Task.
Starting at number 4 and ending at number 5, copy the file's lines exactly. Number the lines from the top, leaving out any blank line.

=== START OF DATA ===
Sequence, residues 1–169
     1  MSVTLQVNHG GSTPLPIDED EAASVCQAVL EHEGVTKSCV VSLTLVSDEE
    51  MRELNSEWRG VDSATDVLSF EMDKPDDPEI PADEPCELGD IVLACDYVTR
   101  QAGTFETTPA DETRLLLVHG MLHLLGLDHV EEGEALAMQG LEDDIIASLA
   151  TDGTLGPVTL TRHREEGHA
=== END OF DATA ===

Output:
   101  QAGTFETTPA DETRLLLVHG MLHLLGLDHV EEGEALAMQG LEDDIIASLA
   151  TDGTLGPVTL TRHREEGHA